Jamil Azher has over 18 years of experience in software development ranging from hands-on programming, global project management, technology leadership, and entrepreneurial ventures. He currently works as a technology architect at Microsoft Corporation in Silicon Valley. Over the years, Jamil has coached members of the technical staff, created architecture of major products and services, developed technology plans for venture funding, supervised development of globally-distributed applications, and interacted with many diverse organizations regarding technology strategy and roadmap. Jamil has a master's degree in IT from Harvard and bachelor's degree in engineering from Caltech. He is the author of Global Outsourcing using VSTS, published by Thomson Delmar Learning.
Team Foundation Server 2008 in Actionby Jamil Azher
In complex software projects, managing the development process can be as critical to success as writing the code itself. A project may involve dozens of developers, managers, architects, testers, and customers, hundreds of builds, and thousands of opportunities to get off-track. To keep tabs on the people, tasks, and components of a medium- to large-scale project,
In complex software projects, managing the development process can be as critical to success as writing the code itself. A project may involve dozens of developers, managers, architects, testers, and customers, hundreds of builds, and thousands of opportunities to get off-track. To keep tabs on the people, tasks, and components of a medium- to large-scale project, most teams use a development system that allows for easy monitoring, follow-up, and accountability.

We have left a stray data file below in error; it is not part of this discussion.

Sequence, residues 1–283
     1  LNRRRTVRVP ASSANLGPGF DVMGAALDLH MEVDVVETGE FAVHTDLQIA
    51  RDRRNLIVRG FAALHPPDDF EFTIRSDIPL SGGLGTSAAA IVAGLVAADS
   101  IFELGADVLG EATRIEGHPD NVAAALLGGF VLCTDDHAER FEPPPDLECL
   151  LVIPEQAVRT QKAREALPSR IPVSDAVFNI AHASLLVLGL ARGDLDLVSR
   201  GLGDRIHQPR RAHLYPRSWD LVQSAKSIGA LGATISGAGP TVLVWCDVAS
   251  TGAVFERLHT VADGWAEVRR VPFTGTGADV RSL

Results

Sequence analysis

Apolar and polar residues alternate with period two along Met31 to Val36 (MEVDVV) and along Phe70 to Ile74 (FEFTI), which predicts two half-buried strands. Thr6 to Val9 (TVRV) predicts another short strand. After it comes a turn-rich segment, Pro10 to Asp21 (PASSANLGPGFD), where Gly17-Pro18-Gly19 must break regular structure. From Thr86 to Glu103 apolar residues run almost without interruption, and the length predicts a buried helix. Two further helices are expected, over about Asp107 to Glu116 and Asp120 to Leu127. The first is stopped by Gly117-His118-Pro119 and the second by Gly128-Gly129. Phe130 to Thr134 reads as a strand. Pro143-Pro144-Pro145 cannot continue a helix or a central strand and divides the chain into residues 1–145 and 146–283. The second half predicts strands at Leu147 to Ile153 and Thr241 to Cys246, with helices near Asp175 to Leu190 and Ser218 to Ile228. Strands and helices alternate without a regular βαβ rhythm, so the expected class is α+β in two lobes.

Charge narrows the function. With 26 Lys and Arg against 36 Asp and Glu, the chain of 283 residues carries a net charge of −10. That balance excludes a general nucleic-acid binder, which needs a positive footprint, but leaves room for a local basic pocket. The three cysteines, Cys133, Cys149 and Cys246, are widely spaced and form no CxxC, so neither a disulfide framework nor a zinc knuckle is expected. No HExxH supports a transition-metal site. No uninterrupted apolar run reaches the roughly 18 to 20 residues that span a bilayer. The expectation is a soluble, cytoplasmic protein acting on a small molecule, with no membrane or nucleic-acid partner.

Microsoft Team Foundation Server 2008 (TFS), the server component of Microsoft's Visual Studio Team System (VSTS), provides a powerful collaborative platform for software-development teams. The product offers an integrated toolset for tracking work items, creating test cases, managing source code, generating builds, constructing database schemas, and so on. Because in software development one size does not fit all, TFS provides process customization, project management, and reporting capabilities to build solutions around your requirements.
Team Foundation Server 2008 in Action is a hands-on guide to Team Foundation Server 2008. Written for developers with a good handle on TFS basics, this book shows you how to solve real-life problems. It's not a repetition of Microsoft's product documentation. Team Foundation Server 2008 in Action is a practitioner's handbook for how to work with TFS under common constraints. This book walks you through real-life software engineering problems based on hundreds of hours of TFS experience.
You'll benefit from expert author Jamil Azher's extensive interactions with members of Microsoft's TFS team and MVPs, survey feedback from the author's blog, and interviews with organizations and user groups using TFS. Instead of just offering a high-level overview, the book provides detailed solutions for solving common-and not-so-common-problems using TFS. It discusses the strengths as well as weaknesses of TFS, and suggests appropriate problem resolution steps, workarounds, or custom solutions.
Purchase of the print book comes with an offer of a free PDF, ePub, and Kindle eBook from Manning. Also available is all code from the book.
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